Tag Archives: Soup

Cream of Mushroom Soup

Did you ever eat something so delicious, you couldn’t erase it from your memory? You explain it to all of your friends, but with each descriptive word you salivate more and more. Anything else you eat in the weeks afterward is just mediocre, and you wish for every bite thereafter to taste like that tasty, memorable deliciousness in your recent past.

This happens to me all too often and, unfortunately, I don’t have the budget to visit my favorite restaurants for the extraordinary dishes I yearn for at my leisure. I do, however, like a challenge and find that it’s just as easy to attempt to replicate the dishes I crave at home. Typically, I identify the flavors and ingredients with attentiveness as I take in each bite. Restaurant menus aid in the process, and usually provide two to three integral ingredients in the item’s description.  Read More…

Italian Wedding Soup

It completely baffles me when I hear people say they don’t eat leftovers. Sure, there are some things that have a limited shelf life in the refrigerator, and a keen eye for spore growth and an average sense of smell are the best guides to realize when it’s time for things to move on to the trash. Still, most things, to me, taste better the second time around. I would much rather eat a reprise of spaghetti if it’s warmed with tomato sauce in a sauté pan. And if you ever need a favor from me, a cold meatloaf sandwich on white bread with just the right amount of ketchup can pretty much get me to do anything.

My bottom-less pit of a stomach usually prevents me from getting anything into Tupperware and into the fridge; my appetite rarely allows for leftovers. Occasionally, though, I come across a recipe that makes an overwhelming amount of food. Last week, I needed a dinner that was satisfying but also would last a day or two in terms of lunches and quick, weeknight meals. While soup isn’t something that is a match for my ravenous hunger, it does fit the bill if it’s loaded with meat and veggies. Read More…

Kielbasa and White Bean Soup

Looking back to 2011, I can’t say I would necessarily do anything differently. Still, a new year brings the opportunity to make changes or improvements and start new routines. I’ve never been one to make drastic moves when it comes to resolutions, especially since mine never stick – you won’t ever hear me declare I’m starting a new fad diet. In fact, my plan for 2012 is to do the exact opposite.

Over the holidays I came to the realization that my life revolves around food; what I’m planning to make for dinner, where I’m spending my lunch break or which restaurant I choose for Sunday brunch, for example, are all decisions that I treat with great importance. Simply put, creating and eating great food makes me happy as a clam. In the New Year, my goal is to make the most of every meal whether it’s making an elaborate dinner for friends or eating my favorite dishes at some of Philadelphia’s best restaurants. Everything I make will be Clean Plate-worthy, and anything I eat this year will be worthwhile.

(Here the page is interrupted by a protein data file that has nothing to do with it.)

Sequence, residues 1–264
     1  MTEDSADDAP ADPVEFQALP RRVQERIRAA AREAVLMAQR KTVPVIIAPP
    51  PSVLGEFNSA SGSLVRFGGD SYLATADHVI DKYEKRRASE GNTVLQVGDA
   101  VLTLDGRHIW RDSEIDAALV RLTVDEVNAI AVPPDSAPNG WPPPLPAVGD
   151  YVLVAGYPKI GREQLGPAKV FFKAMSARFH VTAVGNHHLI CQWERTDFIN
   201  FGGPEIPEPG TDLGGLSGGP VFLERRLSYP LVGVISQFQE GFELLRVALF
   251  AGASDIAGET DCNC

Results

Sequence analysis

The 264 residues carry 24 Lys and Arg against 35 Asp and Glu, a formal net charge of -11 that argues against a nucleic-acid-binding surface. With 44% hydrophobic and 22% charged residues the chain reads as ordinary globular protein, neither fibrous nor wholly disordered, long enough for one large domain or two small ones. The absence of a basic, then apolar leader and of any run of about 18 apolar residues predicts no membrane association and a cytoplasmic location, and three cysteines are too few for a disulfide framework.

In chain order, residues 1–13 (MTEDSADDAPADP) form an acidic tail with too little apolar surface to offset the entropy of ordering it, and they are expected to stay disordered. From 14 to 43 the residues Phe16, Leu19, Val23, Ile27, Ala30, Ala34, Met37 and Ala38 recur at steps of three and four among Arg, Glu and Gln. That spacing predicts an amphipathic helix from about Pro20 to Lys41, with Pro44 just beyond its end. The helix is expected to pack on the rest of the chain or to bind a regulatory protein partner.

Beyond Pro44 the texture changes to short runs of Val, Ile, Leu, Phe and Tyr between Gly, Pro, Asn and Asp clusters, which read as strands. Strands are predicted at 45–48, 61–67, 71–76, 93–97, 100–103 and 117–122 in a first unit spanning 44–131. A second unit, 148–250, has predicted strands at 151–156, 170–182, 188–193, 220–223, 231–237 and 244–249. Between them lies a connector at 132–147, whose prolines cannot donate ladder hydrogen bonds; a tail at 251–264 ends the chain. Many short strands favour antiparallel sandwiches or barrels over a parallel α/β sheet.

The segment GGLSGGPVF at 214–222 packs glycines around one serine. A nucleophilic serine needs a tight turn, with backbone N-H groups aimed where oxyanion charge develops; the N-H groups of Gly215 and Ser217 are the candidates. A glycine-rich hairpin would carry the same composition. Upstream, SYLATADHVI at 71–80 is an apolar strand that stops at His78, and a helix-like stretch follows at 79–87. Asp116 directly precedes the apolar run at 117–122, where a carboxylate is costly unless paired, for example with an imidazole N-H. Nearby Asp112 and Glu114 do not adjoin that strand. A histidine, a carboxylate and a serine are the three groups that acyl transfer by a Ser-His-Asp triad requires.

2012’s first dish in the East Berks kitchen was a filling kielbasa stew, thickened with white beans and laced with tomatoes and spinach. Every spoonful was purely perfect. Read More…

Pork Wontons

Just a quick ride on the el or a short drive to University City, lies the University of Pennsylvania Museum of Archeology and Anthropology. The Penn Museum is home to about 1 -million artifacts covering existence anywhere from Ancient Egypt to the Roman Empire, Native American tribes and everywhere in between. Though the most intriguing items are viewable to the public behind glass cases, Museum researchers and scholars are involved with research projects all over the globe that could, literally, dig up something new for the Penn Museum visitors.

In addition to the intriguing permanent collections, the museum regularly features special exhibits. Until March 28th, the exclusive, and highly anticipated, Secrets of the Silk Road exhibit is open to the public. Through artifacts, relics, and even well-preserved mummies, the exhibit tells the story of life in the Tarim Basin desert, located in Central Asia. Spanning from Europe to Eastern China, the Silk Road is a network of trade routes connected through this region, responsible for modern trade, cross cultural exchanges and the growth of many items we still use today.

The Penn Museum has designed interactive components for visitors of all ages, further exploring the language and textiles of those who lived in the Tarim Basin region. Additionally, visitors can experience the Silk Road from the perspective of a princess, merchant, entertainer, or horseman of that time period by participating in an activity provided at the beginning of the exhibit; with a paper map in hand, participants discover more about their chosen character by unlocking answers with a decoder throughout the exhibit.

The interactive nature of the exhibit continues with lunch at The Pepper Mill Café, inside the museum. Until June, menus focus on a specific country along the Silk Road, rotating weekly. From China to Vietnam, to India and Greece, the catering staff spent two months researching and developing traditional foods of the region. The exhibit itself shows visitors what the people in the Tarim Basin ate; displays include an ancient, excavated wonton, spring roll and fried dough. Free recipes available inside the exhibit allow visitors to experience the Secrets of the Silk Road at home.  This recipe, for wontons filled with pork, probably tastes a little bit better than its thousands-of-years-old version in the exhibit. Read More…

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